What to Bring
- Tent (campers only) – You must use a tent. Please do not bring hammocks as they damage the trees in Fiordland National Park.
- Cooker (campers only) – Campers are not allowed to use hut facilities so you must bring your own gas cooker.
- Gas (campers only) – As mentioned above.
- Sleeping bag – The huts have mats but no blankets so you will need a sleeping bag.
- Food – Pretty self-explanatory…we all need to eat.
- 1.5L water bottle (minimum) – Some sections of the trail involve long distances without opportunity’s to fill your water bottle. Bring at least 1.5L.
- Water purification (optional) – As I said the water is fine to drink but you can never be too careful!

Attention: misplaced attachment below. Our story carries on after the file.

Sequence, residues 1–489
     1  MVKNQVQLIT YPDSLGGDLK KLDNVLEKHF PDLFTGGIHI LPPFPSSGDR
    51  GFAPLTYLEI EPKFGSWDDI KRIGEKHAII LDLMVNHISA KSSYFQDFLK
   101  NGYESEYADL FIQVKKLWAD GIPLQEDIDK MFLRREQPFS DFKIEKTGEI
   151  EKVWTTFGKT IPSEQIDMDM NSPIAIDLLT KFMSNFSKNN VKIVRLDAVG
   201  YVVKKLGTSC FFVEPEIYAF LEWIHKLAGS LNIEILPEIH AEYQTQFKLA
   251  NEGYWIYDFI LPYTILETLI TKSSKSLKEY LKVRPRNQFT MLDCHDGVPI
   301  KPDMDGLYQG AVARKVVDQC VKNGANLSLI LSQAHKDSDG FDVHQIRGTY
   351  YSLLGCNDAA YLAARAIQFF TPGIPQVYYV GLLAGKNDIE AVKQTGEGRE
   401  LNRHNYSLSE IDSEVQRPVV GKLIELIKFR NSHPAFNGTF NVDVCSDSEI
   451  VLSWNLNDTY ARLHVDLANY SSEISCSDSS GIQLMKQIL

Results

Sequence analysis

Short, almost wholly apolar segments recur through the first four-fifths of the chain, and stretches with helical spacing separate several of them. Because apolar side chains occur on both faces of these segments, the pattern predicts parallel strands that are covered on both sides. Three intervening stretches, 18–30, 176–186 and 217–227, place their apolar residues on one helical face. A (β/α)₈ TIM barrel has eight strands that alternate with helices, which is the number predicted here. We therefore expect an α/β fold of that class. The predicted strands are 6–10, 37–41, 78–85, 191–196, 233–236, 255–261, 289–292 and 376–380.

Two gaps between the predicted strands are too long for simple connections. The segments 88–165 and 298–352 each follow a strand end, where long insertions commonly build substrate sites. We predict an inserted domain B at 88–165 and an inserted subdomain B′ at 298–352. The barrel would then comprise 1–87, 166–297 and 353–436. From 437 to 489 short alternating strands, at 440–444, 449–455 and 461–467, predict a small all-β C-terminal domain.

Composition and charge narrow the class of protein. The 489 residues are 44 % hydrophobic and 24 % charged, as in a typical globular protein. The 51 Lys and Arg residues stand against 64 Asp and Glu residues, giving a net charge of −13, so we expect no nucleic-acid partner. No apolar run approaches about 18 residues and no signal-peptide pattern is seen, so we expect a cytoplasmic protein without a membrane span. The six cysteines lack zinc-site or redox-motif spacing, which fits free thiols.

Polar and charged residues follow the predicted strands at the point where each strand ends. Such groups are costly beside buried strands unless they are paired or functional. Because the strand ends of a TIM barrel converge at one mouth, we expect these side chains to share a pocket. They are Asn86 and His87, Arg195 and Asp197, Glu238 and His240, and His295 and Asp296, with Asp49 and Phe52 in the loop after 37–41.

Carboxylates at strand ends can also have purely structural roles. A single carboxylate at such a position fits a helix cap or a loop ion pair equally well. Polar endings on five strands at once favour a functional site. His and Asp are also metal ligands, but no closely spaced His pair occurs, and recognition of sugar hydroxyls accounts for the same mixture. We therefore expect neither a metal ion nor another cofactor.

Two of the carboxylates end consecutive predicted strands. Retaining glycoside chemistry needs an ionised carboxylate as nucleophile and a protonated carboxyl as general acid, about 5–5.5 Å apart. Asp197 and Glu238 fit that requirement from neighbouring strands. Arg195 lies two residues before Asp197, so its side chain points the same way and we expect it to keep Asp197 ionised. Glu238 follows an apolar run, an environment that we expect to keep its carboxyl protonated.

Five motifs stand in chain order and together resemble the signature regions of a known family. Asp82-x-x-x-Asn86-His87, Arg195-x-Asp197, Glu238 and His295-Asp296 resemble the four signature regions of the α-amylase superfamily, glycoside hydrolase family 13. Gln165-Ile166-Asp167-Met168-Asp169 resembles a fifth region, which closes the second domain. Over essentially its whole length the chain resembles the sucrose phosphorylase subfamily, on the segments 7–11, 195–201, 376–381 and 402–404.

- Lighter or matches – The huts have self-lighting stoves, however, they don’t all work.
- Bug repellent – Mosquitos are not common on the trail however sandflies are the real problem. They leave a nasty bite that on people who don’t get bitten often can hang around for weeks.
No matter what way you hike the Kepler Track, one thing is for sure, you’re bound to have an amazing time! From the stunning views, unique wildlife, and the accomplishment of hiking the trail it’s one trip you certainly won’t forget.
Now that you have the information you need, all that’s left is to hit the trail!
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Daniel is a full-time travel blogger who along with his partner Bailey run the travel blog Destinationless Travel. Daniel found his passion for travel at a young age and after enjoying writing about his experiences decided to make it his profession. Daniel’s writing style is about creating helpful articles filled with information. He hopes his blogs not only inspire but make travel easier for those less experienced!